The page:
Thursday, June 9, 2011
One question that's always caught my interest is, "Can men and women just be friends?" I think in general this is asking if friendship can exist where there's a potential for attraction, so in fairness I'll say that it can also apply to same-sex friendships. But for this post I'll talk about it from a heterosexual view since it's all I've ever known.
Male/female friendships seem to have the odds stacked against them from the start. I don't think most people believe men and women can be friends without something eventually getting in the way (romantic feelings on one side or jealousy from someone outside the friendship). I agree it happens a lot, still these friendships can and do work. The relationships I have with females are incredibly rewarding; not only do I get to see things through a woman's eyes but often by those of a different generation. And though some of these friends haven't yet or won't ever experience the things I have, I'm amazed at how much I've been able to learn from them and how much common ground we share.
Opposite-sex friendships can be precarious. I'm a bit guarded and mindful of what I say with some, because I don't always see my female friends the same way I do my buddies. Maybe I should, but I don't. I have a love for my male friends but with the women in my life it just feels different, runs deeper. It's hard to explain other than there's a different set of emotions that come into play that I don't experience in my relationships with the guys.
So what does this all mean, is there a chance of someone feeling something more? Sure, there's always the possibility that feelings will grow between people in any kind of relationship whether it's personal or professional. But I don't think it should ever stop us from developing these relationships. If we don't allow ourselves to feel deeply for anyone else we're robbing ourselves of some amazing experiences. I've never seen attraction as a reason to immediately end a friendship, if a relationship is worth having it's worth talking things through. But if it can't be worked out then someone needs to say goodbye .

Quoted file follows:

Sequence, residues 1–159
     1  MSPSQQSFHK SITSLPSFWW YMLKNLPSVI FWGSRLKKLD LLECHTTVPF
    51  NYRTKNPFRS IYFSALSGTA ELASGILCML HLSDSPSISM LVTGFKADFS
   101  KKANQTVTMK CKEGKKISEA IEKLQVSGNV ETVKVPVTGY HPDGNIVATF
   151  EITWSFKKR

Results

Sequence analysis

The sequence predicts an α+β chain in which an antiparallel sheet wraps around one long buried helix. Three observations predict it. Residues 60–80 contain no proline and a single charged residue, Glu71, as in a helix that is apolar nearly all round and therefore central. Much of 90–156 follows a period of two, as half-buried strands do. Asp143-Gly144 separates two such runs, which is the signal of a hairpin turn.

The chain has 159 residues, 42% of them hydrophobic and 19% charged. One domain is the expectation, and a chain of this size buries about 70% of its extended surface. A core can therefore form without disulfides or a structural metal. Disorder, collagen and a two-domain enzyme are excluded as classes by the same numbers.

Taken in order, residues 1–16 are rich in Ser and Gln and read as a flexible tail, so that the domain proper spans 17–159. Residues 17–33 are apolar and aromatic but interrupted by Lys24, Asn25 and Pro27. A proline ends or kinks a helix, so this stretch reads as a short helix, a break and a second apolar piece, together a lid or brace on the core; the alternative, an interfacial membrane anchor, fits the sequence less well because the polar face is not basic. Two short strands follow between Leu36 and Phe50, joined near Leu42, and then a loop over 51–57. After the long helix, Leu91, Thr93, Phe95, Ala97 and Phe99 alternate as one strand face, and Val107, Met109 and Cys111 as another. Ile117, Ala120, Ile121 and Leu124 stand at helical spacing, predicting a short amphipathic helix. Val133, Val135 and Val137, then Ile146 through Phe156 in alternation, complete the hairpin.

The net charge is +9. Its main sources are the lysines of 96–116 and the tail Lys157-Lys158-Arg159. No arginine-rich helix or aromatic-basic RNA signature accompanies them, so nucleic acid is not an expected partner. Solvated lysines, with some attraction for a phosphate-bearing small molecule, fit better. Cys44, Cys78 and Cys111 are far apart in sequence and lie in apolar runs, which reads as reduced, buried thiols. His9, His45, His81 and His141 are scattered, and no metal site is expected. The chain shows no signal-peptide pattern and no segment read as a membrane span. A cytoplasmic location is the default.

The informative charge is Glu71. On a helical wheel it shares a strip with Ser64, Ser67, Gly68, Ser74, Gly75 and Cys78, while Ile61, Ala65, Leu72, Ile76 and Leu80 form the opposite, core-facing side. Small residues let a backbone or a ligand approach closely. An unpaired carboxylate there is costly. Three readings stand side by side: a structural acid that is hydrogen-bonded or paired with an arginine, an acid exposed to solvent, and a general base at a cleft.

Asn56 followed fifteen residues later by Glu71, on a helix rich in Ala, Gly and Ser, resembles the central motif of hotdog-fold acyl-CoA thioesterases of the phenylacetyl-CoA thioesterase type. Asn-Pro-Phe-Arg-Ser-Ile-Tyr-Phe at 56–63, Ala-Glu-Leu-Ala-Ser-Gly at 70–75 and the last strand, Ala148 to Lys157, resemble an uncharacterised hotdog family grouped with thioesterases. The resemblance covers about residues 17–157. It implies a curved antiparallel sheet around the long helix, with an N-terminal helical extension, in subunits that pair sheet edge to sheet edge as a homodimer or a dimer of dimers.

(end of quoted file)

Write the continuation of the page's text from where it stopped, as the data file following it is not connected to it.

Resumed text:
Before Sandy and I met I had a friend who liked me. I mean, really liked me. Her feelings were obvious to everyone; her best friend, my friends and me. But she wouldn't admit to it. She was very intelligent, into music and The Arts, good company and generally just fun to hang around with. And we did. I knew how she felt but for me it didn't go further. One weekend we took a trip out of town (to the Shaw Festival at Niagara-On-The-Lake for those of you who know where that is). We stayed overnight at a bed and breakfast, slept in the same bed but nothing happened. It could have but I wasn't interested.
I met Sandy a short while later and found that connection I was looking for. Today we have a great relationship and both of us have opposite-sex friendships. We accept these people as part of our lives; there's no drama, no one's ever acted out and all relationships are respected. Within the parameters of these friendships has been a lot of affection, love and words shared through good and bad times. I wouldn't want it any other way.